The Anuradhapura Kingdom, named for its capital city, was the first established kingdom in ancient Sri Lanka and Sinhalese people. Nonetheless, the king of Anuradhapura was seen as the ruler of the country throughout the Anuradhapura period. Buddhism played a role in the Anuradhapura period, influencing its culture, laws. Invasions from South India were a constant threat throughout the Anuradhapura period, rulers such as Dutthagamani and Dhatusena are noted for defeating the South Indians and regaining control of the kingdom. Other rulers who are notable for military achievements include Gajabahu I, who launched an invasion against the invaders, and Sena II, who sent his armies to assist a Pandyan prince. Several kings, most notably Vasabha and Mahasena, built reservoirs and canals. These constructions are an indication of the technical and engineering skills used to create them. In 543 BC, prince Vijaya arrived in Sri Lanka, having been banished from his homeland in India and he eventually brought the island under his control and established himself as king.
After this, his retinue established villages and colonies throughout the country, one of these was established by Anuradha, a minister of King Vijaya, on the banks of a stream called Kolon and was named Anuradhagama. In 377 BC, King Pandukabhaya made it his capital and developed it into a prosperous city, Anuradhapura was named after the minister who first established the village and after a grandfather of Pandukabhaya who lived there. The name was derived from the citys establishment on the auspicious asterism called Anura. Anuradhapura was the capital of all the monarchs who ruled the country during in the Anuradhapura Kingdom, with the exception of Kashyapa I, the city is marked on Ptolemys world map. King Pandukabhaya, the founder and first ruler of the Anuradhapura Kingdom, fixed village boundaries in the country and he constructed hermitages, houses for the poor and irrigation tanks. He brought a portion of the country under the control of the Anuradhapura Kingdom. However, it was not until the reign of Dutthagamani that the country was unified under the Anuradhapura Kingdom.
He defeated 32 rulers in different parts of the country before he killed Elara, the South Indian ruler who was occupying Anuradhapura, the chronicle Mahavamsa describes his reign with much praise, and devotes 11 chapters out of 37 for his reign. He is described as both a king and a devout Buddhist. After unifying the country, he helped establish Buddhism on a firm and secure base, another notable king of the Anuradhapura Kingdom is Valagamba, known as Vatthagamani Abhaya, who was overthrown by five invaders from South India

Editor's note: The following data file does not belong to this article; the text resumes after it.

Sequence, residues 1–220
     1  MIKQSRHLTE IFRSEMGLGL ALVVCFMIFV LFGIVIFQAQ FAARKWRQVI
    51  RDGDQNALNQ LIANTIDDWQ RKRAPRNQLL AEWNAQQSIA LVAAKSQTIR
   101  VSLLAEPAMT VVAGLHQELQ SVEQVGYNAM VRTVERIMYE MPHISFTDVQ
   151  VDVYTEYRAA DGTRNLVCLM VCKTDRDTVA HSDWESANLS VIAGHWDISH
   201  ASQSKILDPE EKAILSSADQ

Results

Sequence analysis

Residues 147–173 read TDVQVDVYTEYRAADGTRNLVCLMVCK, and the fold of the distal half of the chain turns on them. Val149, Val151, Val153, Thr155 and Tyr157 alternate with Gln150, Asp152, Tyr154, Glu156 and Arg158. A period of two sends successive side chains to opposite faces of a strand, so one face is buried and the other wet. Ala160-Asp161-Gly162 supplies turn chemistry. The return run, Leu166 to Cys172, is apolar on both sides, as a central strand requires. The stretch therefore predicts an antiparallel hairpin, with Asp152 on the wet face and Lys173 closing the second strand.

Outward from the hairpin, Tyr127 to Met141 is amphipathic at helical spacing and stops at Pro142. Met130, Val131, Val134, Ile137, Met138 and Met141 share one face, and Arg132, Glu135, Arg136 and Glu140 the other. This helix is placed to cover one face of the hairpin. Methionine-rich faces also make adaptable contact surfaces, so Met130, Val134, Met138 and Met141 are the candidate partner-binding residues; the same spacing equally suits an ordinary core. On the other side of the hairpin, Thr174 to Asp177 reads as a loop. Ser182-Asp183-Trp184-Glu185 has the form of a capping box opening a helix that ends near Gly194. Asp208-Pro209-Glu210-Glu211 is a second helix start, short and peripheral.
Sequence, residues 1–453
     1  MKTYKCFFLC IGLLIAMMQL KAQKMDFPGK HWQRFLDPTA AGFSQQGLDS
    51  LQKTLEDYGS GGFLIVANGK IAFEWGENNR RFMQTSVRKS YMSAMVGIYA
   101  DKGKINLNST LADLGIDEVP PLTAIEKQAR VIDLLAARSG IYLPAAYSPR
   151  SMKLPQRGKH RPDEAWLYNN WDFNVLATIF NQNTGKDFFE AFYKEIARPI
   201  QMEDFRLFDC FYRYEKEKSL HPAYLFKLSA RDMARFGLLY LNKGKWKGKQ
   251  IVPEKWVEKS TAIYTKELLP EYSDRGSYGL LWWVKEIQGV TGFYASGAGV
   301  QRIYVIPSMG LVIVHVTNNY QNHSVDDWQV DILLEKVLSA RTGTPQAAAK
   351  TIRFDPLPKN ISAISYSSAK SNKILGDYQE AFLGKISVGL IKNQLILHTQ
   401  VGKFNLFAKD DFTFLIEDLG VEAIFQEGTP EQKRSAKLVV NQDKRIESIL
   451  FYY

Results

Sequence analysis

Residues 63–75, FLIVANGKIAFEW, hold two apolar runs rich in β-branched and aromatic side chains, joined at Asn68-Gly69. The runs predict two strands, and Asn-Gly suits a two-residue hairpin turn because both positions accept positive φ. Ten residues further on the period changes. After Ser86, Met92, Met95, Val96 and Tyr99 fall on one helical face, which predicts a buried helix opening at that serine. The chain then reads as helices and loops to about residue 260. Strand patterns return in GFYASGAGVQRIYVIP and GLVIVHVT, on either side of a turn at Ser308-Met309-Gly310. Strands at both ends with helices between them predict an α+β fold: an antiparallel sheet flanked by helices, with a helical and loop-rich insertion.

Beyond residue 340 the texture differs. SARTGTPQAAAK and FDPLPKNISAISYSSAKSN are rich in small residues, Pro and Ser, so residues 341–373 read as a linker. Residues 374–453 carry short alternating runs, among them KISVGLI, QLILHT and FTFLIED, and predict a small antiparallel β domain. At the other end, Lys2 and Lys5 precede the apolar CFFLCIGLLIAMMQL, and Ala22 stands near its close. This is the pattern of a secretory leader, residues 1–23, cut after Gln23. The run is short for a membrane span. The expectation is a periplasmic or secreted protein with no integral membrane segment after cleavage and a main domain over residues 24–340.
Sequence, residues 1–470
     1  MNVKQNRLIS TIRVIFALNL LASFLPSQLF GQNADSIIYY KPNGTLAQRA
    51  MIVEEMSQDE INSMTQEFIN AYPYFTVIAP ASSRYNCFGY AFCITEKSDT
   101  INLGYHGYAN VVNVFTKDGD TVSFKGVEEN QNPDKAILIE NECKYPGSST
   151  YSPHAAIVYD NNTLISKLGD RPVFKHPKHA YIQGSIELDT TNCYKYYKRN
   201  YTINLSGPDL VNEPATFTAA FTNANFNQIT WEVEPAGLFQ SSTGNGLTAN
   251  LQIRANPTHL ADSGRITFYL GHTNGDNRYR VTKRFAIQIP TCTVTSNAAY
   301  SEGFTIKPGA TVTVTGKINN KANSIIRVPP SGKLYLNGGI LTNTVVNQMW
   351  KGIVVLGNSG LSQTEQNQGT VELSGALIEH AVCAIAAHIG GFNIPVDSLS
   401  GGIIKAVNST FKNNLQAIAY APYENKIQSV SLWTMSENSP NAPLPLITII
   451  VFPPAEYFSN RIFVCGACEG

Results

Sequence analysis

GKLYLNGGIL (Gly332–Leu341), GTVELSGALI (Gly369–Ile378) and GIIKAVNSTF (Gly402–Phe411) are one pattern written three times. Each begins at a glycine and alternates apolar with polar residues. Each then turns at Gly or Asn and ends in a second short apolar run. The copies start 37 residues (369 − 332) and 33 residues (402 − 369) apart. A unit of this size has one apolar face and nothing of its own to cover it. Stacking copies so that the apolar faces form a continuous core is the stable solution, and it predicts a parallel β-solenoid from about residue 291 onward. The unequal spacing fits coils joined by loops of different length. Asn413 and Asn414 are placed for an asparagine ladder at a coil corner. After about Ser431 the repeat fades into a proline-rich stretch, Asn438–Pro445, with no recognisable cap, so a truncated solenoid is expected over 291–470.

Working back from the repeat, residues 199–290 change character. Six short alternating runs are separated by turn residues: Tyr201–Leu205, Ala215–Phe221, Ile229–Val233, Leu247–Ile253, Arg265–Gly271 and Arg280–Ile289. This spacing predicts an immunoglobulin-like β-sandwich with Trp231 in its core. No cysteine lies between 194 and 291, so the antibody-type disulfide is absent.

History of Sri Lanka
The earliest human remains found on the island of Sri Lanka date to about 35,000 years ago. The proto-historical period begins roughly in the 3rd century, based on chronicles like the Mahavamsa, Silappatikaram, the earliest documents of settlement in the Island are found in these chronicles. These chronicles cover the period since the establishment of the Kingdom of Tambapanni in the 6th century BCE, the first Sri Lankan ruler of the Anuradhapura Kingdom, Pandukabhaya, is recorded for the 4th century BCE. Buddhism was introduced in the 3rd century BCE by Arhath Mahinda, the first Tamil ruler of the Anuradhapura Kingdom, Elara, an invader, is recorded for the 2nd century BCE. The island was divided into numerous kingdoms over the following centuries, Sri Lanka was ruled by 181 monarchs from the Anuradhapura to Kandy periods. From the 16th century, some areas of the country were controlled by the Portuguese, Dutch. Between 1597 and 1658, a part of the island was under Portuguese rule. The Portuguese lost their possessions in Ceylon due to Dutch intervention in the Eighty Years War, following the Kandyan Wars, the island was united under British rule in 1815.